On a cursory listen it would be easy to dismiss Emma “Scout” Niblett as another PJ Harvey-fixated female singer. Her raw, brittle blues is like the membership card to a Girl Guide group run by Captain Beefheart and Patti Smith. If Harvey is the patrol leader and Cat Power the second in command, then Niblett and The Duke Spirit‘s Leila Moss are the new recruits.
When Scout sings “Until then I’ll make my little noise, until then I’ll make my fucking noise” on the closing Where Are You, it’s obvious that she would be kicked out for refusing to swear the oath to play nothing but the blues. Niblett has a free spirit that appears to buck convention and pursue a path that is hers alone.
Yes there are plaintive blues guitar figures, shrill emotional vocals and dry thumping drum but this is different – this is odd, idiosyncratic and divorced at times from the idea of conventional song writing. Niblett has taken her influences and, either by design or through technical limitation, fashioned a unique and fascinating record.
Where the Velvet Underground during the Nico period seems to be the template that the vast majority of female-fronted indie bands use, Niblett seems to have crossbred ’90s grunge and theDIY aesthetic of The Slits and The Raincoats. A one-girl riot act. It’s not such an odd hybrid, The Raincoats where one of Kurt Cobain’s favourite bands, he even wrote the sleeve notes for their CD reissues.
Scout Niblett’s vocals can be furtive and flirty, gleeful or crammed with spite. The lyrics set up a complex dichotomy between her baser feral instincts and a coy wide-eyed innocence.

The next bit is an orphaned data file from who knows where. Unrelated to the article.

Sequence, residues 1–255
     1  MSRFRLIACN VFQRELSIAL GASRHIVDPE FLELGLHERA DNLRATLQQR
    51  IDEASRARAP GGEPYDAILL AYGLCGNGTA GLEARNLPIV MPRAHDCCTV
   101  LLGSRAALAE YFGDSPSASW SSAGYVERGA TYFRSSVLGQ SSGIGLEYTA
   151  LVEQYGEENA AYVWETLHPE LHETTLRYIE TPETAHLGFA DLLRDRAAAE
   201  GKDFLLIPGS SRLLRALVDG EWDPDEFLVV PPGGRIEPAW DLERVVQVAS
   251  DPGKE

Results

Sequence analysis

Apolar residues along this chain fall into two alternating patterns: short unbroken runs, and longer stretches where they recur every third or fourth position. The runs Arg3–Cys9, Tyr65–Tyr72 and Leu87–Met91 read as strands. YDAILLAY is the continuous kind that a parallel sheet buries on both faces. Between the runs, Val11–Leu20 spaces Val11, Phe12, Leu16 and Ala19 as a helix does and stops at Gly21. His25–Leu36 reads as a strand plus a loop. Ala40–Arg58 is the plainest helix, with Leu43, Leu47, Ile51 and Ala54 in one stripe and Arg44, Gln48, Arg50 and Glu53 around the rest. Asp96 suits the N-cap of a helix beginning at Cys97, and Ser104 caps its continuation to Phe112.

The most successful tracks are those that are tied to her primitive drumming style. Kidnapped By Neptune, Fuck Treasure Island and Valvolive are all anchored to simplistic drum patterns. Hardly rhythm tracks, they’re more a set of clattering repeated motifs that sound like they were hammered out on papier maché drums. The songs become tribal in nature, the lyrics repeated like a mantra in short haiku style verses. The guitar playing on these tracks is scratched out and obtuse. Notes bent, chords chopped, the rhythm replacing melody at the centre of the songs. The drums and voice floating in the void detached from instrumentation. A kind of bleached out indie dub without baselines.
On Lullaby For Scout In Ten Years the stumbling drums and bouncing Pixies-bass drop out of the mix, the melody is carved out in a tinny guitar line. And then at around three minutes in you get full Steve Albini magic. Crunching, distorted guitars drums that drill like a headache and blistering torn vocal chords.
Albini’s trademark production brings a fragile dry intensity to the material. The guitars are crisply and cleanly recorded the vocals uncluttered and clear. The production compliments Niblett’s fragile musical skills.
It doesn’t all succeed. Where Scout’s muse has been shoehorned into more conventional song structures the results are disappointing. It seems to be a case of: get your riffs out for the lads. These are misguided attempts to rockout. The sludge fest of Good For Me and the stupid riff-heavy Handsome come across like third place entries in a local bands competition.
When given free rein and when she’s playing to her strengths this record is a delight. It even contains an Albini-produced piano ballad. This City is the sound of Eric Satie on Temazepam. Enjoy.